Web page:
Connect with us

World news

Russia Claims First COVID-19 Vaccine As Global Cases Top 20 Million

Avatar

Published

on

Russia claimed Tuesday that it had developed the world’s first vaccine offering “sustainable immunity” against the coronavirus, as the pandemic marked another bleak milestone with 20 million infections globally.

President Vladimir Putin said that one of his own daughters had received the inoculation, dubbed “Sputnik” after the pioneering 1950s Soviet satellite.

Western scientists have previously raised concerns about the speed of development of Russian vaccines, suggesting that researchers might be cutting corners.

The World Health Organization on Tuesday warned any approval of the Russian vaccine would require rigorous review of data to show its safety and efficiency.

“I know that it is quite effective, that it gives sustainable immunity,” Putin said of the vaccine developed by the Gamaleya research institute in coordination with Moscow’s defence ministry.

Russia hopes to begin production in September and start vaccinating medical staff immediately afterwards.

Some 20 foreign countries have pre-ordered over a billion doses according to Russia’s sovereign wealth fund, which helped develop the vaccine.

The race for a vaccine heats up as nations across the globe brace for new outbreaks of the disease even as they try to restart economies battered by months of initial lockdowns to curb the spread.

An AFP tally from official sources showed that by 1100 GMT Tuesday, the number of confirmed infections worldwide passed 20.1 million, having topped 20 million the previous night.

Almost 737,000 deaths had been recorded since the virus first emerged in China late last year and spread globally, with the figure expected to surpass 750,000 within days.

Tests underway

Russian Health Minister Mikhail Murashko said that clinical trials of the vaccine involving several thousand participants would continue.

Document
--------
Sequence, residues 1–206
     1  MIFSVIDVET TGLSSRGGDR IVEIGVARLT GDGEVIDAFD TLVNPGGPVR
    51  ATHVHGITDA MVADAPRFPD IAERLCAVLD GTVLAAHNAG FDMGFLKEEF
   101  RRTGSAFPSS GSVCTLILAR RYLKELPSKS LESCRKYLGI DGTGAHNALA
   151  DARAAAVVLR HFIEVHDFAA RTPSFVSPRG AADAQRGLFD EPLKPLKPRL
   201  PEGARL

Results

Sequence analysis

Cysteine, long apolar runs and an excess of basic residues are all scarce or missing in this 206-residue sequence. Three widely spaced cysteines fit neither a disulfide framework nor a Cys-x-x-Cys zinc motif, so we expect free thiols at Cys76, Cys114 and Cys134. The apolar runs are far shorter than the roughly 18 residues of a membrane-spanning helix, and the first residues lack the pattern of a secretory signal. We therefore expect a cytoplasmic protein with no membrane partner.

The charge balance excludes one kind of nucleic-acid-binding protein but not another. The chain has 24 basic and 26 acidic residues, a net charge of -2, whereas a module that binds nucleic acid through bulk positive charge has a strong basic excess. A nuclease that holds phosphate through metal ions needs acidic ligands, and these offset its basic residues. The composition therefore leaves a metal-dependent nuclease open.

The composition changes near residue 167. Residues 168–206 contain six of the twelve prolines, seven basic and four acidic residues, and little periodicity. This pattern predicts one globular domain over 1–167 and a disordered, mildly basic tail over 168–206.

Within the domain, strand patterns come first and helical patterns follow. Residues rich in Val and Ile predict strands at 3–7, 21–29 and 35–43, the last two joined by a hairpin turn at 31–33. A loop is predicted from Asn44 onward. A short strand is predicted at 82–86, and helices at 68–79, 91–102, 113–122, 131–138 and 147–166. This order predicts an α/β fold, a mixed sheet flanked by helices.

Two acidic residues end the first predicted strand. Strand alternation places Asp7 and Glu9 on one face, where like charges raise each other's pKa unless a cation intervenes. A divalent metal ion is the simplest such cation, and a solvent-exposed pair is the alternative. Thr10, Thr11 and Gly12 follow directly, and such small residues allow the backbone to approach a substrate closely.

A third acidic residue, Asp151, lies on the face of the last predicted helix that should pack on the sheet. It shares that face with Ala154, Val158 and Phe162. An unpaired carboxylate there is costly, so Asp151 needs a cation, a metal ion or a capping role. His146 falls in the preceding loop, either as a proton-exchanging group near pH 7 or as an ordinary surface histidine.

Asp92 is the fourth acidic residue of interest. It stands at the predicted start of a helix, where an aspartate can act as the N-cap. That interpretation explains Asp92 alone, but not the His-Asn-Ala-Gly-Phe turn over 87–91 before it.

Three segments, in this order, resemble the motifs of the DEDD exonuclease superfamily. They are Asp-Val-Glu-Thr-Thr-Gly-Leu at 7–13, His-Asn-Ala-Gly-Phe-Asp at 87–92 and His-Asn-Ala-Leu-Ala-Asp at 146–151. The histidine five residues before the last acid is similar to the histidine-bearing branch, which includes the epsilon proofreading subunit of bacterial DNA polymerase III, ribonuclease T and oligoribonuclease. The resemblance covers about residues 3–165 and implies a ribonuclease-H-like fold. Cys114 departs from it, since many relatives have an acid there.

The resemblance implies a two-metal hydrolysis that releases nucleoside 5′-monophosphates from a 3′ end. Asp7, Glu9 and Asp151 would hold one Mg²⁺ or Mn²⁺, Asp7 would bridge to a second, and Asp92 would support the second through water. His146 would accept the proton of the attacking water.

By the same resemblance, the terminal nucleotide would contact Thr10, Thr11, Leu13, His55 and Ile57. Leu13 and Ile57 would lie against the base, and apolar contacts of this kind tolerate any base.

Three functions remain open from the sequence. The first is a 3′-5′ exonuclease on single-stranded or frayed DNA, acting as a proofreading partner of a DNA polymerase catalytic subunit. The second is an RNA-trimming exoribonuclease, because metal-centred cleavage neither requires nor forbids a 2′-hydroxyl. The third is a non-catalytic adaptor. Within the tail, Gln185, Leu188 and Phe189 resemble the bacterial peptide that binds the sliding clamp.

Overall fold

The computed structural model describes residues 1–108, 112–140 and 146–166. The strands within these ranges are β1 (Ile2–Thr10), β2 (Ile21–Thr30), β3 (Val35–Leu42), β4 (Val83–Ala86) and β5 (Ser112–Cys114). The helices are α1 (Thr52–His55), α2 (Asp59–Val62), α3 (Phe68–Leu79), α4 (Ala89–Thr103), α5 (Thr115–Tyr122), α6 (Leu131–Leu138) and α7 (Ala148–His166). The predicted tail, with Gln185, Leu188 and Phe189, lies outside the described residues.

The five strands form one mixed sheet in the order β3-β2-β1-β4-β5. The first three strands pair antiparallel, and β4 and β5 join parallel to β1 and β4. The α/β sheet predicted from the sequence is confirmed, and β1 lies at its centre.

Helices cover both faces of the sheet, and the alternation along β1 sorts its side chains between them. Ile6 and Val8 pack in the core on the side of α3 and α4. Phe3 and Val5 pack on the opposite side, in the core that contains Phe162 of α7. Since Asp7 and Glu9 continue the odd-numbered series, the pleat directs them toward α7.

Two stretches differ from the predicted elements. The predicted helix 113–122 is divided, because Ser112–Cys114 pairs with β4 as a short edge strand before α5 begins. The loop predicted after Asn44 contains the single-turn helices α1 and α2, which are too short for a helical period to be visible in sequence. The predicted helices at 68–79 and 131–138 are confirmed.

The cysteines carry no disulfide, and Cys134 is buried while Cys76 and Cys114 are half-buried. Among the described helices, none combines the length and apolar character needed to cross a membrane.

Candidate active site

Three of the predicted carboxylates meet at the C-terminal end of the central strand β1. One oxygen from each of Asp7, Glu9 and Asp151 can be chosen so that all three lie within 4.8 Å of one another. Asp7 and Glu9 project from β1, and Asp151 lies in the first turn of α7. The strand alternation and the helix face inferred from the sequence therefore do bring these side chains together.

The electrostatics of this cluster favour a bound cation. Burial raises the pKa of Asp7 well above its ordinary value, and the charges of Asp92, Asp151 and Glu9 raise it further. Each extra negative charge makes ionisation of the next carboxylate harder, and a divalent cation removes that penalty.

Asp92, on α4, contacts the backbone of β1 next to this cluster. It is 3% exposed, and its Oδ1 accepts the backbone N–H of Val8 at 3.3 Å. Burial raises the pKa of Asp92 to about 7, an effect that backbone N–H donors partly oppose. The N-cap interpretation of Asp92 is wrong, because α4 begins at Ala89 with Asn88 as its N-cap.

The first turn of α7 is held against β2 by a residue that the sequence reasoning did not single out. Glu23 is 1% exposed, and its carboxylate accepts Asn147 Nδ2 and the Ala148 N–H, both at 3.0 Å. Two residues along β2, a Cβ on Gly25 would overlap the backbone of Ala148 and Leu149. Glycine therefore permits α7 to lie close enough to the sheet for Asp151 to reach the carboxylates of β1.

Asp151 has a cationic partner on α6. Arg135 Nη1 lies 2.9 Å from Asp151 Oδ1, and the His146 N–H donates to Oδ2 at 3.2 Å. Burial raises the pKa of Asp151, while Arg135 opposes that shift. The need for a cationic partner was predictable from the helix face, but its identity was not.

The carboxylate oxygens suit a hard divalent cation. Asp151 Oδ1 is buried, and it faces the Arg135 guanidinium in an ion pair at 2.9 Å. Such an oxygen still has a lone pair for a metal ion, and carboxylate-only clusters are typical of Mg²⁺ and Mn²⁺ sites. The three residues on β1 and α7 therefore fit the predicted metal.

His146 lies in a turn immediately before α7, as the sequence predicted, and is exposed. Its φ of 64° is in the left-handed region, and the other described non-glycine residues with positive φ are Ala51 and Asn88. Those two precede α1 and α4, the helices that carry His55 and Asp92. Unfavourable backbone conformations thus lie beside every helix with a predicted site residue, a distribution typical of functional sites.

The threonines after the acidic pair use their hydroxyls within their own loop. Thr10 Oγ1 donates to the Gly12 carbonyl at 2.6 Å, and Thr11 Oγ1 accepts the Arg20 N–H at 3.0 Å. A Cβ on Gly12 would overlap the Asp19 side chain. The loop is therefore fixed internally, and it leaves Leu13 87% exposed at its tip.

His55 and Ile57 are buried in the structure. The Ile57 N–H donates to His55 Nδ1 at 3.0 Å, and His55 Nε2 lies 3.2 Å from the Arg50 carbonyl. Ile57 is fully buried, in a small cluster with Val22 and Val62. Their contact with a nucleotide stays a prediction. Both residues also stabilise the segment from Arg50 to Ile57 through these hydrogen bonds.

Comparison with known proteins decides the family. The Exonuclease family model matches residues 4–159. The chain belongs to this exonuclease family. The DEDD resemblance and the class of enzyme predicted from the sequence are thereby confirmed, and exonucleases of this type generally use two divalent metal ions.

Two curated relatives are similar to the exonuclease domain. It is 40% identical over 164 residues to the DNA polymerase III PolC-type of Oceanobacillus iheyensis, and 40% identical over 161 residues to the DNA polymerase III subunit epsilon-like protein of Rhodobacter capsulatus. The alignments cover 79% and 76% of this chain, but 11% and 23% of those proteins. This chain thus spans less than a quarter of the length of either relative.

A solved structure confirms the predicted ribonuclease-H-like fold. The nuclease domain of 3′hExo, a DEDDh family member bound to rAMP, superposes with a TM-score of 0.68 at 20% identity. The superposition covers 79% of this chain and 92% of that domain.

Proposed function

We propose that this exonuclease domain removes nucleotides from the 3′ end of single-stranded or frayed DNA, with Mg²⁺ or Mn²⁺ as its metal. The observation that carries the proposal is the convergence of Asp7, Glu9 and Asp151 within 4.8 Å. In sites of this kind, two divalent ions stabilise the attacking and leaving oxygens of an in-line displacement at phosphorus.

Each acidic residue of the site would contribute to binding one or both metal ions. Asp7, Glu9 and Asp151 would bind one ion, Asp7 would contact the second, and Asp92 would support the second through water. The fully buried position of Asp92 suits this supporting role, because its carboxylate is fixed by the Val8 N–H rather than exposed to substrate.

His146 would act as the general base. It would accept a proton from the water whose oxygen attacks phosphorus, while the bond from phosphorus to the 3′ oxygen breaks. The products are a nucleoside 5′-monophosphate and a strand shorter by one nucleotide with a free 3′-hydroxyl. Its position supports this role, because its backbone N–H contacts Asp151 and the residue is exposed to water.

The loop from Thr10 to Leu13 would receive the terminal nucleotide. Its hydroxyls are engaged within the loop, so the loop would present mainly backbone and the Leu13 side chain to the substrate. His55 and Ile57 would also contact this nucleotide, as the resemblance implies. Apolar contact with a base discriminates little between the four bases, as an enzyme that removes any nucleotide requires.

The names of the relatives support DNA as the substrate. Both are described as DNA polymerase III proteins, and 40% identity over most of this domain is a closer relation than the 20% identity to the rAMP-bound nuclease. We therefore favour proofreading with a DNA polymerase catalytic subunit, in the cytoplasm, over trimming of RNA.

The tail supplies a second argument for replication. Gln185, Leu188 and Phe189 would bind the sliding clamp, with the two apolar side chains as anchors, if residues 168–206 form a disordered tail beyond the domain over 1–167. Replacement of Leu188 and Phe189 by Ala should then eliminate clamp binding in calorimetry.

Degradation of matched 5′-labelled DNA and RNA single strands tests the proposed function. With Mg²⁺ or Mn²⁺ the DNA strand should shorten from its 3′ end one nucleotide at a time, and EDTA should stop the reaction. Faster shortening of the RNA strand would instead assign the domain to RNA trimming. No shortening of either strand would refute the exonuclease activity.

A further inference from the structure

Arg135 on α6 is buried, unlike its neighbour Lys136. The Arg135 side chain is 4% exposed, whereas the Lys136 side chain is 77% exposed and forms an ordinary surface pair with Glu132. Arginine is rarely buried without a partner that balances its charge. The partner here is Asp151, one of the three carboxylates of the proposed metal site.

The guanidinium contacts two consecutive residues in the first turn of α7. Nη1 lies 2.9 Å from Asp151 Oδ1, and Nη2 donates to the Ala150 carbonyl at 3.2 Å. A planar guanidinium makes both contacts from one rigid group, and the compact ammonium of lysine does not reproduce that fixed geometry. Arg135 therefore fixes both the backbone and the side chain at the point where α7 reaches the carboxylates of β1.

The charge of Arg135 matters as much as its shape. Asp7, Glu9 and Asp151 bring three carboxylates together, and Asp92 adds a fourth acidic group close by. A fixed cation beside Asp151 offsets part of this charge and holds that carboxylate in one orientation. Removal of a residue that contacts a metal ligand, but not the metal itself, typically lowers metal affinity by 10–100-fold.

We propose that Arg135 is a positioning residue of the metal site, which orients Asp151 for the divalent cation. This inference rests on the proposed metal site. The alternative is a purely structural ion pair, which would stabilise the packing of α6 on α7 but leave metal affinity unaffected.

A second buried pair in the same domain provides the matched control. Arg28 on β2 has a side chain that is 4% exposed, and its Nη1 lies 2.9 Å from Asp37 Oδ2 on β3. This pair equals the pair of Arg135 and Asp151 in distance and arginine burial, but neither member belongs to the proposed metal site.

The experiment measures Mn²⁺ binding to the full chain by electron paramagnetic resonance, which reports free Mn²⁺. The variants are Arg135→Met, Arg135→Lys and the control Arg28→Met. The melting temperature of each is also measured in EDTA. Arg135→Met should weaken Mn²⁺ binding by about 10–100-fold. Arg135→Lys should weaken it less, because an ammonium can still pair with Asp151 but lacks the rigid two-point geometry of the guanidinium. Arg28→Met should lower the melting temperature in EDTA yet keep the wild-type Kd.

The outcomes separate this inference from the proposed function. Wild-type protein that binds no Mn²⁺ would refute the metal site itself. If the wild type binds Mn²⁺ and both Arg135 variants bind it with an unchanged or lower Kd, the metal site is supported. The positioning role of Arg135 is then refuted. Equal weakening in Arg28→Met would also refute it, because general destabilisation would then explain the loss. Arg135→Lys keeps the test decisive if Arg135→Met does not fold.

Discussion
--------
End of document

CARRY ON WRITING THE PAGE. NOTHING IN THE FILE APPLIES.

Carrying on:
Elsewhere in the world, Indonesia said it would launch a “Phase 3” human trial of a vaccine candidate from China’s Sinovac Biotech.

“Phase 3” refers to trials involving large numbers of human test subjects and is usually the last step before regulatory approval.

Sinovac’s vaccine, dubbed CoronaVac, is already being tested on 9,000 Brazilian health workers.

A WHO overview said 165 candidate vaccines are being worked on around the world, with six reaching Phase 3.

But the WHO’s emergencies director Michael Ryan warned that a vaccine was “only part of the answer,” pointing to polio and measles as diseases with vaccines that have not been fully eradicated.

“You’ve got to be able to deliver that vaccine to a population that want and demand to have that vaccine,” he said.

Second waves ‘inevitable’

WHO chief Tedros Adhanom Ghebreyesus has pointed to “green shoots of hope” in countries that had successfully clamped down on COVID-19, such as Rwanda and New Zealand, which says it plans to open a virus-free “travel bubble” with the Cook Islands.

But Wellington on Tuesday reported its first locally-transmitted coronavirus infections in more than 100 days.

“We have all worked incredibly hard to prevent this scenario,” Prime Minister Jacinda Ardern said, but added that “we have also planned and prepared for it.”

So far New Zealand has reported just 22 deaths from the COVID-19 disease, although authorities repeatedly warned a second wave was “inevitable”.

The remote Himalayan kingdom of Bhutan on Tuesday announced its first coronavirus lockdown after months largely shielded from the disease.

And in Europe, the EU’s health agency urged countries to reinstate some controls as new cases began to pick up again.

“There is a true resurgence in cases in several countries as a result of physical distancing measures being relaxed,” the European Centre for Disease Prevention and Control (ECDC) said.

France had already reacted by requiring mask-wearing in certain crowded areas and tourist hotspots of capital Paris.

Several French towns and cities have already introduced similar measures, as well as parts of Belgium, the Netherlands, Romania and Spain.

There was better news for residents of the Gaza Strip Tuesday, as the enclave’s only border crossing with Egypt was opened to people wanting to leave for the first time since the pandemic began.